In our current cultural moment, most of us are probably familiar with the myth of the “zombie apocalypse”—the idea of a sudden, widespread uprising of undead that threatens civilization and, more often than not, forces humanity to fight off hordes of shambling corpses to prevent its own extinction. This basic premise has been the starting point for films, TV shows, and other media texts for nearly half a century, from George Romero’s foundational 1968 masterpiece Night of the Living Dead to AMC’s popular series The Walking Dead, which recently concluded its seventh season.
Given the myth’s current ubiquity, it may be tempting to think of zombie-themed media as a passing fad. In his upcoming book, Living with the Living Dead : The Wisdom of the Zombie Apocalyse, however, writer and Baylor University professor Greg Garrett argues that our fascination with apocalyptic scenarios filled with undead creatures speaks to many of the anxieties—and, oddly enough, the hopes—of our contemporary world.
Today, we feature an excerpt from Garrett’s book, which examines the surprising silver lining on the dark cloud of the zombie apocalypse.
On the surface of it, the apocalypse seems to be nothing but negative. As a story, it is an acknowledgment that things are going wrong for the world in which we live. At the opening of the film Gravity, astronaut Matt Kowalski (George Clooney) says, for the first of many times, “Houston, I have a bad feeling about this mission.” Following as closely as it does on a title that reads “Life is impossible in space,” we are inclined to give that premonition some weight.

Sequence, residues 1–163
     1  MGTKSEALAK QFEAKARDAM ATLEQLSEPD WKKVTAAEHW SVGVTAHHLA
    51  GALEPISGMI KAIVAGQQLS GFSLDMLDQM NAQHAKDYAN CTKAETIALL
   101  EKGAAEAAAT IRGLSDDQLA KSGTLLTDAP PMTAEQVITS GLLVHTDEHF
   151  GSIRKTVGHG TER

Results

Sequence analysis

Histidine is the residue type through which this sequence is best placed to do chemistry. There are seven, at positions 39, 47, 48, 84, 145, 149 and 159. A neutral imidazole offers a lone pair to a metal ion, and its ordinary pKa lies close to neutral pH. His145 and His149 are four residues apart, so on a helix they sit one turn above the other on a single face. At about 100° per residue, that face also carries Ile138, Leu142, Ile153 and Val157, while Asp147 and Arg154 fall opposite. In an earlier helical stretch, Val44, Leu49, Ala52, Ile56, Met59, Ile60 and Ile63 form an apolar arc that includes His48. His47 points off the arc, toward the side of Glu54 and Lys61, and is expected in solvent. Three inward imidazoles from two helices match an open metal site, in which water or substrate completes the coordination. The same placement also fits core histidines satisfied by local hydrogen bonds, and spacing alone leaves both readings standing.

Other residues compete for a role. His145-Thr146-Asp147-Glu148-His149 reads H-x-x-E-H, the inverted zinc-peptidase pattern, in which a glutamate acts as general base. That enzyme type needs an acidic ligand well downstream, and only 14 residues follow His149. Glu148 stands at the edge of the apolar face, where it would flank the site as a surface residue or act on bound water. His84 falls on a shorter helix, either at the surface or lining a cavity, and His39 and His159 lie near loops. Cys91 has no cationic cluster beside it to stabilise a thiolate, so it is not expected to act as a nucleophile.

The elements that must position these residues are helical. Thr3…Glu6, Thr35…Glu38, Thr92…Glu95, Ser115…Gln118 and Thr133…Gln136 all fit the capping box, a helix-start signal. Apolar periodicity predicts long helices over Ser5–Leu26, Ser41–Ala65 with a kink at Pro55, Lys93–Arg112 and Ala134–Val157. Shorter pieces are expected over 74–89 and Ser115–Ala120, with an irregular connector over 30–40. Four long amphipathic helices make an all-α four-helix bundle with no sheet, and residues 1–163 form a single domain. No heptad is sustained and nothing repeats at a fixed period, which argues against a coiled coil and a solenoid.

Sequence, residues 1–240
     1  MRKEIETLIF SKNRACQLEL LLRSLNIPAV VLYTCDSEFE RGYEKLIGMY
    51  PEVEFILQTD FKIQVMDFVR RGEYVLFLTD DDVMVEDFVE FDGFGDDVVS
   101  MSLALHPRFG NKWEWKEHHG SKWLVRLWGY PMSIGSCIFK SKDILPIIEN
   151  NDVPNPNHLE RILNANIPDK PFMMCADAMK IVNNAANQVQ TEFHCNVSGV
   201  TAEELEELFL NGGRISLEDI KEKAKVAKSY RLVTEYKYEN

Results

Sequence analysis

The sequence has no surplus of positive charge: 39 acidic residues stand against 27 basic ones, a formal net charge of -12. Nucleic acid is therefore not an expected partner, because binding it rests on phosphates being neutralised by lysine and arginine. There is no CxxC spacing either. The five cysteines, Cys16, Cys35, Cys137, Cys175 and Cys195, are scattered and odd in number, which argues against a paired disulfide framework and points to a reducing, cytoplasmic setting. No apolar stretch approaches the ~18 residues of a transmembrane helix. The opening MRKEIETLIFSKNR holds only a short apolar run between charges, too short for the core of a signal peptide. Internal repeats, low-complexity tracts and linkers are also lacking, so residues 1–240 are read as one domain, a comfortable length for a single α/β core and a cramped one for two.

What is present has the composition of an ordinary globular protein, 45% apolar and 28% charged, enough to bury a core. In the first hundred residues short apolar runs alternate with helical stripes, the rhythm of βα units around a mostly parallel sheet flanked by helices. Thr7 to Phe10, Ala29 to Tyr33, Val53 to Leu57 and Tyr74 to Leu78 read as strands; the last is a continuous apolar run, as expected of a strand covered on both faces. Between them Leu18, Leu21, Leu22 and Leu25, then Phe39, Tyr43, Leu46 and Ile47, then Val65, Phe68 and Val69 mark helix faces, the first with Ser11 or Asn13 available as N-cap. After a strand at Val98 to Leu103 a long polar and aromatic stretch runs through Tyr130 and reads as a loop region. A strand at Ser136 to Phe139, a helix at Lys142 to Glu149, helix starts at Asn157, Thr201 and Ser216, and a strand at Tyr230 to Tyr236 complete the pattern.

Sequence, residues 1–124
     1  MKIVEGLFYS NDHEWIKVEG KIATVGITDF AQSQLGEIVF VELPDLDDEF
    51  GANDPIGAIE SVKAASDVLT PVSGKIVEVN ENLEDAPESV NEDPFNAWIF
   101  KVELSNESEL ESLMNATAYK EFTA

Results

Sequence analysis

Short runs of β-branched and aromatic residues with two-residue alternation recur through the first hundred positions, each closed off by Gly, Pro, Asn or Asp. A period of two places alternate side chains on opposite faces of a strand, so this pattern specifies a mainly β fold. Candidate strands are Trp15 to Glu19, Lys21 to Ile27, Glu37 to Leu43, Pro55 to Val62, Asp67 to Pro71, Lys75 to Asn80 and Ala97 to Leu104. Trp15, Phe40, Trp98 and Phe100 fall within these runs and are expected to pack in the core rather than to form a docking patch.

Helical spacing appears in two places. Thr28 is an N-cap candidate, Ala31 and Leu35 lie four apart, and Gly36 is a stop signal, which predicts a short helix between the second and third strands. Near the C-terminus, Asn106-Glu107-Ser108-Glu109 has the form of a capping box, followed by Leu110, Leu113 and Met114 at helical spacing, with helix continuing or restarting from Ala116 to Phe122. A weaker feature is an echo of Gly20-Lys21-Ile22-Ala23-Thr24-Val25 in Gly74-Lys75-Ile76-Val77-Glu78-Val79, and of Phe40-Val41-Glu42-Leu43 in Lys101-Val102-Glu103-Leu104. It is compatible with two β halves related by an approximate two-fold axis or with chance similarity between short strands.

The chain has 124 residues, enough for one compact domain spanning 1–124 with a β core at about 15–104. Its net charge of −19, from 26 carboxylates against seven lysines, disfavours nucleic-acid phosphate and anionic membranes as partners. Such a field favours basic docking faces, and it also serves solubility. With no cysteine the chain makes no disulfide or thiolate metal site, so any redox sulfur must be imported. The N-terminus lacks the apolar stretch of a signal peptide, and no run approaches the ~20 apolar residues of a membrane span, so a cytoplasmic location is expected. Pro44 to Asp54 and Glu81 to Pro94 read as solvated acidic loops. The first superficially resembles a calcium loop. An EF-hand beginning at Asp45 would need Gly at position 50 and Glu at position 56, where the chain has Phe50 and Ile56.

Yes, it’s the end of the world. Yes, life is impossible. We know that full well.
In telling stories about the zombie apocalypse, though—even the ones where there seems to be little or no hope—we are offering an essentially optimistic narrative act. By admitting that things are bad, by sharing our dread, and by allowing ourselves to mutually agree that we are all a part of this alarming reality, we are at least taking away the suffering experienced by I Am Legend’s Robert Neville (Will Smith) in his solitude. We are not alone, for others suffer alongside us.
In his essay “The Man on the Train,” the Catholic novelist Walker Percy tells a story about a lonely man who is miserable in his life and riding a commuter train into work. This is horrible solitude. He is trapped in his own misery, alone in his awareness that the world is not going well. On the same train, there is another unhappy man, who happens to be reading a story about an unhappy man on a train. The difference is striking. Yes, this second man says. This is exactly how it feels. Someone understands what I’m seeing and feeling. The world is a mess. But at least I’m not alone in knowing it, seeing it, and feeling it.
As Percy put it, “The nonreading commuter exists in true alienation, which is unspeakable; the reading commuter rejoices in the speakability of his alienation and in the new triple alliance of himself, the alienated character and the author. His mood is affirmatory and glad: Yes! That is how it is!—which is an aesthetic reversal of alienation.” Telling the truth—that the world seems to be falling apart—allows readers and audiences to know that they are accompanied in their own experiences, that however they might feel in the moment, they are not alone.